Women’s issues and “women’s rights” have always been controversial in terms of their dynamics in specific contexts as well as in the universal arena. In Muslim contexts, specifically, the political actors claim sovereign power and legitimacy for this power through Islamic discourse while making claims for human and women’s rights. Furthermore, state policies and political agendas tend to control women’s bodies. I am not going to argue the misinterpretations of Islam that undermine the women’s positions in the society in this article. It would be a great topic for another study, though. I will rather focus on the fact that how these agendas over women are used for the sake of a dictatorial trajectory.
Are women and issues related to women’s rights being used as a proxy to manipulate political discourse in Turkey? Apparently yes! Furthermore, Turkish authorities have been using conservative Islam to gain popularity among conservative Turkish citizens through populist resentment of progressive movements. Women’s roles in the society have been shaped as far more traditional. Violence against women’s voices, especially against feminist discourse, have risen up in the last decade. The most influential factor of this dystopian situation is the practice of political Islam which serves to the authoritarian power. In order to elaborate the picture in Turkey in terms of women’s issues I want to remind some debates related to them. Number of the children a family has to have, abortion right, the way how women ought to laugh in public and event the way to deliver a baby have deliberately been dictated by the state men. All the arguments about these debates have been made by claiming women’ roles through mostly traditional and “Islamist” (not Islamic!) views. More than half of the population in Turkey is fine with this approach since they are convinced that Turkey, as a leading power in the region, is resisting western imperialism and keeping Islamic conservatism.
I would like to slightly shift the subject to Merve Demirel case. She was sexually harassed by the police while being detained during a press release. Merve was in a protest along with “Solidarity Association of the Arrested and Convicted People’s Families (TAYAD)” demanding the freedom of arbitrarily arrested people! Although the photos of the assault went viral on the social media, authorities not only denied the responsibility but also went too far while commenting on the issue. Turkish Minister of Interior Affairs Süleyman Soylu stated that:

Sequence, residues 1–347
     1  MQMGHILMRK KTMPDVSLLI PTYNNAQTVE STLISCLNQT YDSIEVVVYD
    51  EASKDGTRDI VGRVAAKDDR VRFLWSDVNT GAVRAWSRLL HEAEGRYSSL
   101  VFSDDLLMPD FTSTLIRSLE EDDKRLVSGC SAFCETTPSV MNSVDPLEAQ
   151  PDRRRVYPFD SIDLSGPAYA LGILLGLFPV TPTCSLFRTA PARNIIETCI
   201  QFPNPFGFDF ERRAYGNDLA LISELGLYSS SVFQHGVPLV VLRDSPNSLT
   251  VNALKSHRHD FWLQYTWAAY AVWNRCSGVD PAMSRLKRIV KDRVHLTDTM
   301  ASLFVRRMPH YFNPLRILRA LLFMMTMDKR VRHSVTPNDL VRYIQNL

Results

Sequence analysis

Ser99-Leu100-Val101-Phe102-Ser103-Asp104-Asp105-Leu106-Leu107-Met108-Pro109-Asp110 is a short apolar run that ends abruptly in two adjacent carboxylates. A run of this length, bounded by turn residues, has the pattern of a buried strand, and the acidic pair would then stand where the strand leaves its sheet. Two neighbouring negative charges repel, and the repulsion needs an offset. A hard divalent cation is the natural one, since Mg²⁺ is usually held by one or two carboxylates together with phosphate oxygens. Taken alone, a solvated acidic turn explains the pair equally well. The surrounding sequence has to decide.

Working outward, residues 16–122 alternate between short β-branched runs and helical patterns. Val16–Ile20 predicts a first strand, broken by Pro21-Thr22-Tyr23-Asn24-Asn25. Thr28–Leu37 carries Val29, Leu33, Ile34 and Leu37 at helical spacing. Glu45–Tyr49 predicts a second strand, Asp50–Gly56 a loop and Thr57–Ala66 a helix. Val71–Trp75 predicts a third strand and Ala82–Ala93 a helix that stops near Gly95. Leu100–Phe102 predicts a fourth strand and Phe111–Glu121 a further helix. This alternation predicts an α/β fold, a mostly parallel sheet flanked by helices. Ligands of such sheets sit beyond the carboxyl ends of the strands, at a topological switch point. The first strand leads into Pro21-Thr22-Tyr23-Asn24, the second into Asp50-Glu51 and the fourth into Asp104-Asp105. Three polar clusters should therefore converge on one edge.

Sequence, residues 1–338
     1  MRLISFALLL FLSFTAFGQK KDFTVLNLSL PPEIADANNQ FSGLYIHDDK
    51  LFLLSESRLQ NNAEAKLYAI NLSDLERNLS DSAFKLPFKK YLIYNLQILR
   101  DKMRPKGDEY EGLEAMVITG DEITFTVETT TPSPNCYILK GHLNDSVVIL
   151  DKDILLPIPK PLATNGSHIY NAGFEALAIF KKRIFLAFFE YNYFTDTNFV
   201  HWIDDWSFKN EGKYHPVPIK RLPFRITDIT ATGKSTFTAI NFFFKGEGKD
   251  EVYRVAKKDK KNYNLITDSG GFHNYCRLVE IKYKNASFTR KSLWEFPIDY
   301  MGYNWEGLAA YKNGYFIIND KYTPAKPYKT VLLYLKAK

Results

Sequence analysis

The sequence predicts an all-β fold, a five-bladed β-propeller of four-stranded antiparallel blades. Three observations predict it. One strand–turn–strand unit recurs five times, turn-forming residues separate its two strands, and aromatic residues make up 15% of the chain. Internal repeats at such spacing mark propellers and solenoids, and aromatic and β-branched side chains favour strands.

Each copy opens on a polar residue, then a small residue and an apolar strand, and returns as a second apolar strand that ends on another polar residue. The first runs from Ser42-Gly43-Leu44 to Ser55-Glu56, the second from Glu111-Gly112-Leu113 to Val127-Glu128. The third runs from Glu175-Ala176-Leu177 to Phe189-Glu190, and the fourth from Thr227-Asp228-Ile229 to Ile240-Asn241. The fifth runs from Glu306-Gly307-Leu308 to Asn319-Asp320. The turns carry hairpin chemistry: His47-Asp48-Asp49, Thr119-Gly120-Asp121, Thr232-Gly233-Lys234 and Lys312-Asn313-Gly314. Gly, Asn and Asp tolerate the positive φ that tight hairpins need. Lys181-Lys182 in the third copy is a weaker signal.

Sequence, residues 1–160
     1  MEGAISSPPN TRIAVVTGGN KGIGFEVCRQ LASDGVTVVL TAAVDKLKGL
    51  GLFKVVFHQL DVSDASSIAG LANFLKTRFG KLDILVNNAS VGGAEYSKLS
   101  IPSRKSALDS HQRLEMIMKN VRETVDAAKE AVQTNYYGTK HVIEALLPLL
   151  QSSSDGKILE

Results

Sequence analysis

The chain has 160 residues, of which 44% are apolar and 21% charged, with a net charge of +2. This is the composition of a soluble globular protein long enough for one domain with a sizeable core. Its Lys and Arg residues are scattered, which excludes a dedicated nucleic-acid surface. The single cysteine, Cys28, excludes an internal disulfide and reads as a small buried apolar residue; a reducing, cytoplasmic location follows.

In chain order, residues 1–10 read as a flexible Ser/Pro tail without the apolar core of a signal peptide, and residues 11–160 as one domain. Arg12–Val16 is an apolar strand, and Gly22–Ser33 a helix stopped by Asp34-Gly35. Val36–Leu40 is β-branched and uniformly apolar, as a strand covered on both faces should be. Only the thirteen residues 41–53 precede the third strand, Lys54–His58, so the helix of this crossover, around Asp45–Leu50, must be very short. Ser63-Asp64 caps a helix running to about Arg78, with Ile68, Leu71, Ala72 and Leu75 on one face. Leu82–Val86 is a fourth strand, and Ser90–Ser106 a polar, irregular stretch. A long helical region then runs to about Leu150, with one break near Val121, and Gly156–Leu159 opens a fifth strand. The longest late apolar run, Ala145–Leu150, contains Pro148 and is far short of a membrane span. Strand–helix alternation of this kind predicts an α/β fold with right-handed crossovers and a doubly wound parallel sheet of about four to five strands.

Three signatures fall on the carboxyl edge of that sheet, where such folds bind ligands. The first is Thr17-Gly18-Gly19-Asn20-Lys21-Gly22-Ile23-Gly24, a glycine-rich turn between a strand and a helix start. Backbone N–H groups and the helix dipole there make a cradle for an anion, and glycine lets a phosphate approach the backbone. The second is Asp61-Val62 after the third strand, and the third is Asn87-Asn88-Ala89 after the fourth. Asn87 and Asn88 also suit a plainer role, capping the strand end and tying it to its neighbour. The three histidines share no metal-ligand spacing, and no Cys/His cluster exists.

“I won’t allow pressure on police over a woman with a Gülenist father!”
The police department tried to justify the sexual assault by claiming her connection to DHKP-C and his father’s link with Gulen Movement.
It is not that hard to infer that, for the Turkish regime Merve is not an individual woman whose basic rights were violated but is the daughter of a man affiliated with Gulen movement. In other words, Merve is not an independent citizen but just a subjugated object which has a meaning by being a part of a man (or a part of the family) in the mind of the authorities who have to take of her indeed. And an interesting fact in this case is that Minister of Family, Labor and Social Services has not released any statements condemning or even questioning the assault incident. As a woman minister preferred to stay away from the debate. Even if there are females in the government, the dominance still belongs to masculinity or patriarchal hegemony, which has a strong political Islamist basis.
Here I want to focus attention on the shift of the name of the “Ministry of Women and Family Affairs” into the “Ministry of Family, Labor and Social Services”. This was not merely a simple title change but an implication of the regime in Turkey towards the women perception. According to an article by Anna Louie Sussman (Why Turkey Is Backsliding on Women’s Rights); Emma Sinclair-Webb, Human Rights Watch Turkey Director, stated that “Losing the word ‘women’ in the title subjugates their issues to just one among many. It’s putting women in a category with other groups who supposedly need protection: children, the families of those killed in action, the elderly, the disabled. It’s a very backwards step!”
As a final word it can be -maybe should be- said that the political agenda, which is increasingly Islamist, subjugates women explicitly while rewarding the head of the state with a dynamic for absolute power. In Merve Demirel case, a woman and the assault she is exposed to were disregarded even dissipated as an example of biopolitics (Foucault’s theory of authority mechanisms over populations through human life and biology).